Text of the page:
The BIMBY toolkit sets out a rigorous process for planning development at a local level and as such can be used to create local plans and neighbourhood plans.

It is designed to empower communities and give a clear process and structure by which they can work with the local planning authority, and developers where they already exist, towards a shared vision for beautiful new places and homes.

Local Plan

What is it?

Local Plans are at the heart of the local planning system. They set out a framework for the future of development in the area as a whole, but are also a critical tool for deciding individual planning applications. The Local Plan is created by the Planning Authority (the Council) and should be a starting point for Planning Committees in helping them to decide whether applications can be approved. Councils are legally required to create Local Plans.

View on

How can the BIMBY toolkit be used to create a Local Plan?

If a local plan doesn’t exist or needs updating then the Local Planning Authority can use Workshops 1 and 2 to understand the assets and needs of the communities within the local plan area and use the walkable catchment analysis to decide where the most logical and efficient place/s for new housing should be.

If an up-to-date Local Plan already exists then workshops 1 and 2 are still valid and indeed may shed light on existing allocated sites. However workshop 3 will be particularly useful in creating local housing standards. This can either be adopted at Local Plan level or the BIMBY Housing manual can be referenced in the Local Plan and adopted as policy as part of a Neighbourhood Plan. The BIMBY Housing Manual should be referenced in the Local Planning Authority’s Statement of Community Involvement (SCI), which sets out its policies on involving the community in local development documents and consulting on planning applications.

Neighbourhood Plan

What is it?

Neighbourhood Plans are community driven and created by a Neighbourhood Forum. The BIMBY toolkit is specifically designed to help communities shape new housing via the neighbourhood planning process and adopt the outcomes as planning policy. Councils make decisions on planning applications using the Neighbourhood Plan, as well as the Local Plan and any other material planning considerations, so they do hold considerable weight in the planning system. The Neighbourhood Plans should not conflict with the Local Plan so where specific sites are already allocated for housing in the Local Plan, Workshop 2 would be carried out simply to shed light on existing site allocations rather than to challenge existing site allocations. Workshops 1 and 3 empower communities to shape the form and quality of new homes via the BIMBY Housing Manual.

View on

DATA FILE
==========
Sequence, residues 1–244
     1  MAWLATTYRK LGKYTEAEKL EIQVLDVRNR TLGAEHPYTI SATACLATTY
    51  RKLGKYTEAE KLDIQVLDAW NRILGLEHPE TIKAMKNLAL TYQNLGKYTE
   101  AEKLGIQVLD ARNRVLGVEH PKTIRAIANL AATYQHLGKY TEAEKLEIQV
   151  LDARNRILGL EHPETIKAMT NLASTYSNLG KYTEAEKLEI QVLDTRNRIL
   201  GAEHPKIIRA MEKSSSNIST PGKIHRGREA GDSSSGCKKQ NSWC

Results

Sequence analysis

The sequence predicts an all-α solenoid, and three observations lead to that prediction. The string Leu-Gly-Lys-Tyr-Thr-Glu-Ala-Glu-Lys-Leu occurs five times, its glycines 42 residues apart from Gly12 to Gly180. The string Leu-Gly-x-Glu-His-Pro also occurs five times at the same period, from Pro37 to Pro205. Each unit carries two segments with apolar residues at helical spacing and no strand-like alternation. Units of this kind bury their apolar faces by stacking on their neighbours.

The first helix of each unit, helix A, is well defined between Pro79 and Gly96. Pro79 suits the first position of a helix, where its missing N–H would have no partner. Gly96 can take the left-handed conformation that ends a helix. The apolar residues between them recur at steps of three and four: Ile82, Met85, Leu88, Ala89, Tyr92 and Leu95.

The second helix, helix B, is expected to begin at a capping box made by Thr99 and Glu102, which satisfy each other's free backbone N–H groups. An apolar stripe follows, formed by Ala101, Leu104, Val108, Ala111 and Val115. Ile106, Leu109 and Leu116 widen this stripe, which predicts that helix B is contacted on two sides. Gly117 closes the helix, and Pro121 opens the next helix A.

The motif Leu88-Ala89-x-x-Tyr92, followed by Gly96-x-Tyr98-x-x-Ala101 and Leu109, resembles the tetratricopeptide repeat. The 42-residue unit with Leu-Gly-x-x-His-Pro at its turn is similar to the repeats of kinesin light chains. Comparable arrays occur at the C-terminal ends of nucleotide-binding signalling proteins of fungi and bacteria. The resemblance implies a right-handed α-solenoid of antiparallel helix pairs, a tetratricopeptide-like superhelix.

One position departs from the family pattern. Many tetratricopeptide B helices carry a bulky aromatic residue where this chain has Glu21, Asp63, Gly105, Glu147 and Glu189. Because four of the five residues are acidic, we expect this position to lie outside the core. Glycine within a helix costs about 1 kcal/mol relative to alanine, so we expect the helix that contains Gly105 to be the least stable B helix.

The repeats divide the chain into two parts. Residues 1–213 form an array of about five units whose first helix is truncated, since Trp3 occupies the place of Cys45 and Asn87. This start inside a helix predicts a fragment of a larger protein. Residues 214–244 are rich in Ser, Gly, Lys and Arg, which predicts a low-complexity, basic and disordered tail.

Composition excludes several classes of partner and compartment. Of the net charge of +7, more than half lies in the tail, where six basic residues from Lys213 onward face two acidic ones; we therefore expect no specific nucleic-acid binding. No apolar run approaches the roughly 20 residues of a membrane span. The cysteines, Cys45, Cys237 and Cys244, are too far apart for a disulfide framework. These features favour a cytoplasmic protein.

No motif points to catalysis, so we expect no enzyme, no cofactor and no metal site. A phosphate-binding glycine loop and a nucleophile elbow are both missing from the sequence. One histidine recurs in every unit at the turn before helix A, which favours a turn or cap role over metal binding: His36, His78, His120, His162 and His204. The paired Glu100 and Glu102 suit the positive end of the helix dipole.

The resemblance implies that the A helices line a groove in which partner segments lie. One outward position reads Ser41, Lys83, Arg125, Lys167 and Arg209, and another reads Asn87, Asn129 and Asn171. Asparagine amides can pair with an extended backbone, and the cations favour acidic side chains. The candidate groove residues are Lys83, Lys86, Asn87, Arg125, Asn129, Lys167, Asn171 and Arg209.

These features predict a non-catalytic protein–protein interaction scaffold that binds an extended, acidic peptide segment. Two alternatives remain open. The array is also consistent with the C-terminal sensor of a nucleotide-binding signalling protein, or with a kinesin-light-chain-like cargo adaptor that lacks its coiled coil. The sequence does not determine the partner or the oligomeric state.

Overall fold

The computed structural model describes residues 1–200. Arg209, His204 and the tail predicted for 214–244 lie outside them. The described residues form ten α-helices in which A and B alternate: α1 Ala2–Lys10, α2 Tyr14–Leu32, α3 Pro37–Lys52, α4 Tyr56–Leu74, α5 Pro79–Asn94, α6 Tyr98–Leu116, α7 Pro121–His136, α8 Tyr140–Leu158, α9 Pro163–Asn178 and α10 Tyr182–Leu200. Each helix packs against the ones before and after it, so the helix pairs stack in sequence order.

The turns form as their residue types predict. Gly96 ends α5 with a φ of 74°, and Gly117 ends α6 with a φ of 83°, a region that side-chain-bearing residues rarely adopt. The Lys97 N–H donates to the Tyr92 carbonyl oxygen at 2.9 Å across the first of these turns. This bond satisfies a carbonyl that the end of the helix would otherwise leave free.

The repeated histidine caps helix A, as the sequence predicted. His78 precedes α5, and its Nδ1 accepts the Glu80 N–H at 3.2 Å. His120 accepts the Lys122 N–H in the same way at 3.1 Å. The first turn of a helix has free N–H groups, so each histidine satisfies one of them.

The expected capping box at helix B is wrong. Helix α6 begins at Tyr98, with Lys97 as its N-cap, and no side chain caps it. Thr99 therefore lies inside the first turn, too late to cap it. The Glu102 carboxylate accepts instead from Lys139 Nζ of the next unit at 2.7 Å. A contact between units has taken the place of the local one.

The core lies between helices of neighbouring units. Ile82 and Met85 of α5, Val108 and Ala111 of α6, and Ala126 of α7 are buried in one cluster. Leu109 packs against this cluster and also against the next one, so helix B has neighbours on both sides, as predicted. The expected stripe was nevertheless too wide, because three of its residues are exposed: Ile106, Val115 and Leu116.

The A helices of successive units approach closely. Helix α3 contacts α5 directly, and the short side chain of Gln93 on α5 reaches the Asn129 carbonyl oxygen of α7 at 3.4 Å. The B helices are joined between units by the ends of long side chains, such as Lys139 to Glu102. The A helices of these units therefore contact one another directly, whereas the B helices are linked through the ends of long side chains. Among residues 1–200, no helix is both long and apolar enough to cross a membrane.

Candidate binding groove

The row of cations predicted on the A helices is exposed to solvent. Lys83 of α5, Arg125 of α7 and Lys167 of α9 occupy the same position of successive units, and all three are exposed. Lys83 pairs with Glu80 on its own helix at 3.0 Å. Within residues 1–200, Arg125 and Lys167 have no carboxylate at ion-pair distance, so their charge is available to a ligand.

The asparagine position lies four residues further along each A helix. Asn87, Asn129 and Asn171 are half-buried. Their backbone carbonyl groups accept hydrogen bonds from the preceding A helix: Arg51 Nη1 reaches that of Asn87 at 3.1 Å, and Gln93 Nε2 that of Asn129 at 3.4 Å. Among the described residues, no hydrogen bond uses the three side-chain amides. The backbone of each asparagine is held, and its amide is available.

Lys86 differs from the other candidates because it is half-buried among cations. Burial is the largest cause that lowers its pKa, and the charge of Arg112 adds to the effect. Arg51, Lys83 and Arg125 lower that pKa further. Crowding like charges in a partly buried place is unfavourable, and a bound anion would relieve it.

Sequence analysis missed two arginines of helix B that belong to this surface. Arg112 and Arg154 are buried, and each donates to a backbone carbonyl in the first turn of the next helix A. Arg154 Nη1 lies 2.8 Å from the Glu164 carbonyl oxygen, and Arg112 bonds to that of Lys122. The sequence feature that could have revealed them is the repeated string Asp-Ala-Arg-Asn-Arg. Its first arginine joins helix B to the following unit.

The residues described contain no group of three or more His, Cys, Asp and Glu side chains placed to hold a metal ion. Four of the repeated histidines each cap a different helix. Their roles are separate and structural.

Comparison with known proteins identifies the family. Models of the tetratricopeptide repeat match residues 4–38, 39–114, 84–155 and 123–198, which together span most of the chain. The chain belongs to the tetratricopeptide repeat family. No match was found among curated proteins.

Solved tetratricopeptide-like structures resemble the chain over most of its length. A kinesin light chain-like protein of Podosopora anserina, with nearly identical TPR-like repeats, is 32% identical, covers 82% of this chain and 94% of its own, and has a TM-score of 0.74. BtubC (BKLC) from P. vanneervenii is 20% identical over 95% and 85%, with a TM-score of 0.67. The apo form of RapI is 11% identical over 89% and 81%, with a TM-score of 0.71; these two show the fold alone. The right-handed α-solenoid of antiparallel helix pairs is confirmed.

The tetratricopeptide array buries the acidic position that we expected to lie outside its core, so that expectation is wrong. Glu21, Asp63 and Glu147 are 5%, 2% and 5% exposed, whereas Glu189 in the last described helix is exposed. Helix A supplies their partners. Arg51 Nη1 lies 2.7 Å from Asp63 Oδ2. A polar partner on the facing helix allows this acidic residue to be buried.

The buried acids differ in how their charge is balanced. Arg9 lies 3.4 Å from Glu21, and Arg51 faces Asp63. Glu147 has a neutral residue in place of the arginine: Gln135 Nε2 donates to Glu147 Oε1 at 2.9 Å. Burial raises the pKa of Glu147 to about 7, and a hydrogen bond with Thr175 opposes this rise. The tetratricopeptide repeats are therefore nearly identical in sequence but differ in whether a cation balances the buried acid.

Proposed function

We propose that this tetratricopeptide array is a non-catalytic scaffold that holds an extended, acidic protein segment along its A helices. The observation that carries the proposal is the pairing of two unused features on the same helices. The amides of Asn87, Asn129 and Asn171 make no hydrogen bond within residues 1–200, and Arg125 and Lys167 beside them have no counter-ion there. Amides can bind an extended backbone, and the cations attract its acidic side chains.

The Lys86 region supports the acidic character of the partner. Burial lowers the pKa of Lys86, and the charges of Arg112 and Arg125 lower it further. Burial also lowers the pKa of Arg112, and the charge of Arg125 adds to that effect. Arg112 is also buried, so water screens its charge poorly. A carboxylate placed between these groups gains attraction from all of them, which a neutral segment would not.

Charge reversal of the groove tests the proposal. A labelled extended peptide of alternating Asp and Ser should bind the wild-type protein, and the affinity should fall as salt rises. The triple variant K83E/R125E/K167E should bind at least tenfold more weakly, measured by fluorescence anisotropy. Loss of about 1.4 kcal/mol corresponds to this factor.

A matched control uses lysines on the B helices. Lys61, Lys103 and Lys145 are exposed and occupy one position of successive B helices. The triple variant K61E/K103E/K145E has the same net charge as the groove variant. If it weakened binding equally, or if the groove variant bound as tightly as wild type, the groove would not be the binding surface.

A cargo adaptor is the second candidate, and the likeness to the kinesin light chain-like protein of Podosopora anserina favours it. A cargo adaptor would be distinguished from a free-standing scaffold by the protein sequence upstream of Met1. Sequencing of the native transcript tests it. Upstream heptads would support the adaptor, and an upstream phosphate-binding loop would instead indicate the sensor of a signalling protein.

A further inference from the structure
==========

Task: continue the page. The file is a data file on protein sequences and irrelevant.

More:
Neighbourhood Development Order

What is it?

A Neighbourhood Development Order can be prepared by a town or parish council as well as a Neighbourhood Forum. It is the ideal next step after using the BIMBY toolkit to create a Neighbourhood Plan, as the Neighbourhood Development Order essentially gives permitted development rights on specific parcels of land as long as they are in accordance with the Local or Neighbourhood Plan, or as general housing standards that may be applied to a number of sites coming forwards.

The attraction of this approach for developers is that as long as they meet the standards set out in the BIMBY Housing Manual they know they should be able to develop land quickly knowing that it is consented in principle. It is important that this route is very carefully coordinated with the Local Planning Authority as the approach is relatively new and they may still wish to set a series of conditions on new development.

View on

Individual Planning Applications

If your BIMBY Manual is not already embedded in the planning system through any of the policy documents discussed here, you can still use it to comment on individual Planning Applications and share it with developers to help them design places that local people are likely to support. Developers care a great deal about getting planning quickly so if you have engaged them early on in their design process at outline stage they are more likely to be receptive. On large development sites you should try and work directly with developers as part of the BIMBY workshops to ensure the housing standards and designs are something they are willing to build.

Planning Applications for housing can only be made following public consultation. Your BIMBY Manual is relevant to this process and you should make sure the Planning Authority (Council) is aware of it. We suggest the following approach:

  • Liaise with the Planning Case Officer at the pre-application stage and make him/her aware of the BIMBY Manual. Once you have registered an interest, the Council will keep you informed about the Application when it is submitted.
  • Respond to an Application’s consultation exercise; attend the developer’s public exhibition.
  • Ask for a meeting with the developer and invite them to join the BIMBY group if early in the design process.
  • Approach some stakeholders such as the National Trust, Campaign to Protect Rural England and Heritage England, show them your BIMBY Manual and seek their support.
  • Seek the support of your local ward councillors and Parish Council.

Once the planning application is submitted, write a formal letter to the Planning Case Officer and send them your BIMBY Manual in full, making sure to quote the planning reference number.